Mediterranean Journey  /  Austin Troubadours

Medieval and Renaissance music from Italy, Spain, France and Balkans
Slobodan Vujisic / Austin Troubadours

© 2012

1. Chanconetta Tedesca  [6:03]

Cantiga de Santa Maria, No. 166:
2. Introduction  [3:06]
3. Como Poden  [3:57]   CSM  166

4. Lamento di Tristano e La Rotta  [5:23]

Cantiga de Santa Maria, No. 10:
5. Rosa Das Rosas  [5:34]   CSM  10

6. Estampita Ghaetta  [6:06]

7. Beda Oro  [4:17]

8. Juggler's Play  [3:25]

9. Wedding Dance  [3:40]

10. Passamezzo  [2:26]

11. Branle de Champagne  [3:09]

Album Notes

The Austin Troubadours invite you to follow them on a magical musical journey to sun-drenched Mediterranean shores!

The history of the Mediterranean region is the history of the interaction of the cultures and people of the lands surrounding the Mediterranean Sea – the central superhighway of transport, trade and cultural exchange between diverse peoples. The combination of shared climate, geology and access to a common sea has led to numerous historical and cultural connections among the ancient and modern societies around the Mediterranean Sea. It was an important route for merchants and travelers of ancient times, allowing for trade and cultural exchange between emergent peoples of the region - the Mesopotamian, Egyptian, Semitic, Persian, Phoenician, Carthaginian, Greek, Levantine, Roman and Moorish cultures. The history of the Mediterranean region is crucial to understanding the origins and development of many modern societies.

Early Mediterranean music reflects this eclectic and diverse spirit. Arabic, Jewish and Christian musical traditions often create a unique blend of sounds and textures that transcend individual cultures.

For this recording, we have selected a number of Italian “Trecento” dances (Chanconetta Tedesca, Lamento di Tristano e la Rotta, Ghaetta) that come from The Manuscript London, British Museum, Additional 29987, that contains secular Italian pieces from the medieval Ars Nova period (14th century). Composers such as Francesco Landini and Jaccobi di Bolonia dominate the majority of the codex. In addition, there are a few polyphonic secular works, a couple of Mass movements, and a few chants. Unique are the various dances scattered throughout the codex: the manuscript contains nearly half of the recorded dances from the Middle Ages. Most of these dances are notated as single-line melodies, leaving performers to use iconographic evidence and occasional written commentaries to fill in the rest.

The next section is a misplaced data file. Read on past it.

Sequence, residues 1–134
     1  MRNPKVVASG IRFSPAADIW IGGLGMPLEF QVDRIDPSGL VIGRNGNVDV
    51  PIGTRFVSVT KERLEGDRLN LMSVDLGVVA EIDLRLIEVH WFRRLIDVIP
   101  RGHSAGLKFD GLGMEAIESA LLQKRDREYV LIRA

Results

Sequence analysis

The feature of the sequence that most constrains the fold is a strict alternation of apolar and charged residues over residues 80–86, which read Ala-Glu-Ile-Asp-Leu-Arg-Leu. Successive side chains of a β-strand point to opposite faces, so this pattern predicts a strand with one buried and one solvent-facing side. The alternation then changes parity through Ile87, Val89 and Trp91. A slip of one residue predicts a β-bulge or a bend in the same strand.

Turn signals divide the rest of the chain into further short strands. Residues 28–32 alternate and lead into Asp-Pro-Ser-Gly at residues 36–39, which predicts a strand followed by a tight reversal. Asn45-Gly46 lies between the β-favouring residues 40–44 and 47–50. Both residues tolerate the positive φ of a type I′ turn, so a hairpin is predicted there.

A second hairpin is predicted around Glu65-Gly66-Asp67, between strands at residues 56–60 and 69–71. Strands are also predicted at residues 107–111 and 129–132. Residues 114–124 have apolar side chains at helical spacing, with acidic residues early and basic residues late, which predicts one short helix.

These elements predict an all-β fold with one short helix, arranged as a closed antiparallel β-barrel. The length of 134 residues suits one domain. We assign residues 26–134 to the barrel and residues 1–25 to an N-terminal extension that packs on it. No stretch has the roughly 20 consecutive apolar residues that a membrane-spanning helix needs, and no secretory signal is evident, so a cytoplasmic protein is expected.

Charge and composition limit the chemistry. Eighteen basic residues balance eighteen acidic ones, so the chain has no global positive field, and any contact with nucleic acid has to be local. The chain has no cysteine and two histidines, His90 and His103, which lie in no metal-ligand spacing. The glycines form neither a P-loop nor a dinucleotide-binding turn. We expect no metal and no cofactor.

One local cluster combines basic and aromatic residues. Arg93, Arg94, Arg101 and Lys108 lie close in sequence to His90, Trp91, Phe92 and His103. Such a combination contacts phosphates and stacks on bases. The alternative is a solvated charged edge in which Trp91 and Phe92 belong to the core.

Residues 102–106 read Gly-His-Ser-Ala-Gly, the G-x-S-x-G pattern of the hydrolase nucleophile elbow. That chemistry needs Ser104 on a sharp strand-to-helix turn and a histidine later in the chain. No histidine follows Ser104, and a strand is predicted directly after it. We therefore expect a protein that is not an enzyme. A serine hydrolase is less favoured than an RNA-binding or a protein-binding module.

The Cantigas de Santa Maria (No. 10 and 166) were written during the reign of the Castilian king Alfonso X “El Sabio” (1221-1284) and are one of the largest collections of monophonic songs from the Middle Ages. Alfonso was a highly educated man whose court hosted many Christian, Arab and Jewish poets, musicians and scientists. During his reign, he compiled, edited and published a number of books with subjects ranging from art and literature to scientific texts translated to Castilian from the Arabic originals. There are some 426 Cantigas, describing the miracles of the Virgin Mary, contained in four manuscripts. Three are housed in Spain (two in the Monastery of Escorial and one in Madrid), and one is in Florence.

Featured on the CD are some of the oldest recorded dances from south of Serbia and Macedonia. (Beda Oro, Juggler’s Play, and Wedding Dance). Strongly influenced by the mingling of different Balkan ethnic groups, this music is characterized by complex rhythmic groupings with odd meter and unique melodic patterns.

We conclude our journey with two Renaissance dances arranged from the original lute tablatures. Passamezzo was a ground bass or chord progression often followed with divisions (variations) popular during the Italian Renaissance. This one is attributed to French lutenist and music publisher Adrian Le Roy (1520-1598). Branle was a popular French Renaissance dance. Named for its characteristic side-to-side movement (French branler, "to sway"), the branle was performed by a chain of dancers who alternated large sideways steps to the left (frequently four) with an equal number of smaller steps to the right.

We hope you have enjoyed being with us on our Mediterranean Journey!

Austin Troubadours are:
Slobodan Vujisic — Artistic Director, Lute, Oud, Saz
Bruce Colson — baroque violin, vielle
Victor Eijkhout — recorders, saz, percussion
Oliver Rajamani — percussion, rebab
Neli Vujisic — harpsichord, saz, psaltery
Jenifer Thyssen — soprano (# 3, 5)
John Walters — viol, rebec, vielle